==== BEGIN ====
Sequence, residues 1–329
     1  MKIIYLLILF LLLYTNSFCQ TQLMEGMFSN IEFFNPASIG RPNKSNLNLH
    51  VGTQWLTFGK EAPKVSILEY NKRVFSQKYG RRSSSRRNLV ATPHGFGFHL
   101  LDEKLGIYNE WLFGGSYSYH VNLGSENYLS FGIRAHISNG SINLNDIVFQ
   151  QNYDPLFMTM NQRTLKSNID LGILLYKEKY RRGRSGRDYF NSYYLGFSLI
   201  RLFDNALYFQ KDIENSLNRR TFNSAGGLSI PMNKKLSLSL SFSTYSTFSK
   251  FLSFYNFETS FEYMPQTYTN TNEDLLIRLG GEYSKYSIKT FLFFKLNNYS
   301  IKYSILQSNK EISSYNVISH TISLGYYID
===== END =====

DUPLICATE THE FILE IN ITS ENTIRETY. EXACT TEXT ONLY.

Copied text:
Sequence, residues 1–329
     1  MKIIYLLILF LLLYTNSFCQ TQLMEGMFSN IEFFNPASIG RPNKSNLNLH
    51  VGTQWLTFGK EAPKVSILEY NKRVFSQKYG RRSSSRRNLV ATPHGFGFHL
   101  LDEKLGIYNE WLFGGSYSYH VNLGSENYLS FGIRAHISNG SINLNDIVFQ
   151  QNYDPLFMTM NQRTLKSNID LGILLYKEKY RRGRSGRDYF NSYYLGFSLI
   201  RLFDNALYFQ KDIENSLNRR TFNSAGGLSI PMNKKLSLSL SFSTYSTFSK
   251  FLSFYNFETS FEYMPQTYTN TNEDLLIRLG GEYSKYSIKT FLFFKLNNYS
   301  IKYSILQSNK EISSYNVISH TISLGYYID